The world is studying how to deal with the increasing number of discarded electric vehicle batteries.
The Goal of Carbon Neutrality
To achieve the goal of carbon neutrality, countries around the world are increasing the use of new energy electric vehicles, but this has also led to another issue. The handling of used batteries from electric vehicles has become an environmental and economic problem that needs to be solved.
The European Union hopes that by 2030 there will be 30 million electric vehicles on European roads. How to deal with used electric vehicle batteries will be a huge challenge. Take the Chinese market as an example. In 2020, a record 1.3 million electric vehicles were sold in the Chinese market, accounting for 40% of global electric vehicle sales.
With the market demand for electric vehicles growing rapidly, looking ahead 10-15 years, to when the service life of an electric vehicle’s battery expires, how will we deal with the problem of the used batteries management? While issues of carbon emissions are being addressed, the potential for ecological damage from used batteries also needs to be addressed urgently.
The difference between new and old vehicle batteries
Although most electric vehicle components are like traditional car components, the biggest difference is the battery.
The lead-acid batteries of traditional energy vehicles can be easily recycled, but the lithium-ion batteries used in new energy electric vehicles are inconvenient to do so. The battery of an electric vehicle is larger and heavier than that of an ordinary fossil fuel vehicle and consists of hundreds of individual lithium-ion batteries, all of which need to be dismantled for recycling. They contain dangerous substances, and if they are disassembled improperly, tend to explode.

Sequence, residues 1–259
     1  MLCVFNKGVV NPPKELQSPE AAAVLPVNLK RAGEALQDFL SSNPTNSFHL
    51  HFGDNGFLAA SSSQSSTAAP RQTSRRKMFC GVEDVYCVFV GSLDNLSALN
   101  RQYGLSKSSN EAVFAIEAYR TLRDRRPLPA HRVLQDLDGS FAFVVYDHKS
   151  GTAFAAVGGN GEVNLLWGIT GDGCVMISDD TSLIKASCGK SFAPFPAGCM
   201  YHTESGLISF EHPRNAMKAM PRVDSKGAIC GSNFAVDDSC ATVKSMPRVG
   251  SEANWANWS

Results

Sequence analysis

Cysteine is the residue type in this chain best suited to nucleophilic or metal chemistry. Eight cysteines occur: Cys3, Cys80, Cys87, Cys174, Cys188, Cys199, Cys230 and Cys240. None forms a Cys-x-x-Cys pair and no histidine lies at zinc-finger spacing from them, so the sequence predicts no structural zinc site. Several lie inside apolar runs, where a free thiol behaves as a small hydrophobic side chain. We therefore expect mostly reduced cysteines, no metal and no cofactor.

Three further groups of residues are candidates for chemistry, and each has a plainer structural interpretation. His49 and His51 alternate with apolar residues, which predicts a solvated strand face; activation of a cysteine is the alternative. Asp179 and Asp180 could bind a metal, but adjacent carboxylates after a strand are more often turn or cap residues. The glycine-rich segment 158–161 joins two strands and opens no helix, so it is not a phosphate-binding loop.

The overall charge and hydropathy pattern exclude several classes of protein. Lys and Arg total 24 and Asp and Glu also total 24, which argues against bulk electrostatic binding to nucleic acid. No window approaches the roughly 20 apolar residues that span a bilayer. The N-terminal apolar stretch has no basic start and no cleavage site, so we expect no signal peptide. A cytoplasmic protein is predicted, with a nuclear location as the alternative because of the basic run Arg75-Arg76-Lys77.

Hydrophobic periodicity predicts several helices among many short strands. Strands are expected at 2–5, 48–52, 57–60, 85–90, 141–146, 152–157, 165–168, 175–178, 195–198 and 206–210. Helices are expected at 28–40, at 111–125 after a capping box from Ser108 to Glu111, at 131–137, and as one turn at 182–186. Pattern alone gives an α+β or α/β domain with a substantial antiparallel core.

Prospects for the Recycling Industry of Electric Vehicle Batteries
The European electric vehicle market has huge demand and is expected to develop a new recycling industry. At present, on a global scale, the recycling rate of lithium-ion batteries is still unclear, and many people think it is around 5%. In some parts of the world, it is still far below this number. The European Union recently put forward a proposal that will require electric vehicle suppliers to be responsible to ensure that their products will not be arbitrarily discarded after failure. Most manufacturers have responded.
Many different useful materials are recovered in the recycling process. As a first step, focus is placed on retrieving cathode metals such as cobalt, nickel, lithium, and manganese. Other recycling steps can are then taken to disassemble parts of the battery to retrieve aluminum and copper.